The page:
Thursday 16 June 2011


This may, at first glance look like a rather mundane photograph of a rather ordinary vehicle. We are, of course, 'snappers-up of unconsidered trifles' but why should we publish a picture of an old Landrover? The clue is in the colour scheme, but there are also  other points of interest in the photo which may not, at first, be apparent. First, to the colour scheme of the vehicle. Seasoned veterans of this series will know that it's the famous Tangerine and Delft blue livery of the Middlewich UDC in its final glory days. The Landrover belonged to the newly-formed (and short-lived) Water Pollution Control Department which operated the new sewage works which had just been built (many years after it should have been) off Holmes Chapel Road at the end of the optimistically titled 'Prosperity Way'. One of the pumping stations associated with the works was (and is) at the bottom of an access road leading down from King Street (the authorities having decreed that, as we already had a derelict salt works and gasworks to look at from our bedroom windows, we might as well have a sewage pumping station as well). The Landrover is pictured here near the top of that road. The slide was taken from our front garden at 33 King Street.
So far, so ordinary, but the passage of time has rendered this photograph  much more interesting than it once was.
For a start, the field behind the vehicle belonged to Bert Moreton and was the scene of much frenzied activity in the potato-picking season when adults and kids from all around would descend on it to earn a few shillings.
Sometimes the field would be given over to cabbages and one year there was an infestation of caterpillars which covered not only the field but all the gardens near it in a squirming blanket of the little creatures. An eerie sight.
The latest crop to cover the field is a crop of the ubiquitous Town Houses which are to be found all over this and every other town in the country. Sic Transit Gloria Mundi.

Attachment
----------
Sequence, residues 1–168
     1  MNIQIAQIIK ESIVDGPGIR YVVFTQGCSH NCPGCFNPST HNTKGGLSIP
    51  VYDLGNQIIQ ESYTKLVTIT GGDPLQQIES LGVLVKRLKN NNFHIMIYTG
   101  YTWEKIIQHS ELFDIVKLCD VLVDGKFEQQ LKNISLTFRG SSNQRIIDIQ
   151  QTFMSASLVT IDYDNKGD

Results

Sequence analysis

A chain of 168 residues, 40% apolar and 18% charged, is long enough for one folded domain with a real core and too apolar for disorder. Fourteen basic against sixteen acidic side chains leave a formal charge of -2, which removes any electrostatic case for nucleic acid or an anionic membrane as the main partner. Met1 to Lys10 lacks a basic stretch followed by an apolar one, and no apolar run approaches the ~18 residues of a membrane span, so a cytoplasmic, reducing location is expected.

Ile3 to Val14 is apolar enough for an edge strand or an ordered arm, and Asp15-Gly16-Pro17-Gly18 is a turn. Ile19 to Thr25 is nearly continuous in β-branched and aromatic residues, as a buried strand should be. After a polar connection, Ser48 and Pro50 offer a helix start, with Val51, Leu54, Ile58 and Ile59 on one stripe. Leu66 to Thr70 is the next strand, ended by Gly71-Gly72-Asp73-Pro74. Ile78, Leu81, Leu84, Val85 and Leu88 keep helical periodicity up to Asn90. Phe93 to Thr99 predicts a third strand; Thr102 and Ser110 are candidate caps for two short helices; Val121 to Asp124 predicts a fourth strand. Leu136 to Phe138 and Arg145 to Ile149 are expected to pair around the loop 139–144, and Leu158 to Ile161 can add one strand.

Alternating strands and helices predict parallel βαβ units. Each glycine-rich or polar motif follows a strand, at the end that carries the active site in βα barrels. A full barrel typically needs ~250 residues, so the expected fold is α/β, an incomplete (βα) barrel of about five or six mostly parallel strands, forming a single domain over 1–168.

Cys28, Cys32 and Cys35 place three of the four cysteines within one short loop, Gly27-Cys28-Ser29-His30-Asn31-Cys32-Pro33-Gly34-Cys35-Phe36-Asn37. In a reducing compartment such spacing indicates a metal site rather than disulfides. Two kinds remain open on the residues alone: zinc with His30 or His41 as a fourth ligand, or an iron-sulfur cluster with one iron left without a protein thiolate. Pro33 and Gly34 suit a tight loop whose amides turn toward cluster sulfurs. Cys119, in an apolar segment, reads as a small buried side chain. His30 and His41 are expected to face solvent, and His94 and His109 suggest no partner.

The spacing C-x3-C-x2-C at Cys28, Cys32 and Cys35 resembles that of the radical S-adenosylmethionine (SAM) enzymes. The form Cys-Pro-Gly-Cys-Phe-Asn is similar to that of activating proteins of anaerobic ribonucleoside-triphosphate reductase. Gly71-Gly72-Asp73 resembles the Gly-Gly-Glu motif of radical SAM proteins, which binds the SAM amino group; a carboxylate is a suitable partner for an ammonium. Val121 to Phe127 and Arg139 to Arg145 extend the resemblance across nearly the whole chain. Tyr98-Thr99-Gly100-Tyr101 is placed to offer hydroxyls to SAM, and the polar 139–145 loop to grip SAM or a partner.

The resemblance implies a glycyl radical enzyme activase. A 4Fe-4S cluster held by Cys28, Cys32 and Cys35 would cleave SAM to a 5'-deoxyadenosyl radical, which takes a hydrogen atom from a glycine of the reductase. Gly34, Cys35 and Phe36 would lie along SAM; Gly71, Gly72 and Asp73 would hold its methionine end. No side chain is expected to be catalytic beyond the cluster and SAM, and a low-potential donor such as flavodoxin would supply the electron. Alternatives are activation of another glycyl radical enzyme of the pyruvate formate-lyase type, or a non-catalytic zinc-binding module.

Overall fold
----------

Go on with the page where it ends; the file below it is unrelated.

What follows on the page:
Secondly, looking at the skyline: The houses on the left are in Webbs Lane: just above the roof of the Landrover is the now long-gone Silk Works in Finney's Lane and, finally, just to to the left of the tree on  the right and a few yards further on was the entrance to what is now known to have been a Roman fort in Harbutt's Field. The road to the fort's entrance would have run from Brooks Lane through here,  lined with industries such as  salt and iron works serving the fort and its inhabitants. Behind the tree itself can just be glimpsed the 'Stone Houses', something so rare in this brick-built town that they were singled out and given the name. Legend had it that the stones used were left over from the building of Strangeways Gaol. The path leading from King Street and, ultimately, along the River Croco to the Big Lock, which went (and still goes) past these houses,was the gateway to a wonderland for kids, known for generations as 'Down Bill Hewitt's'. At the top end, down by the River Croco,  were the remains of an old salt works once owned by the Salt Union. Sadly, 'Bill Hewitt's' too has succumbed to Town House mania,

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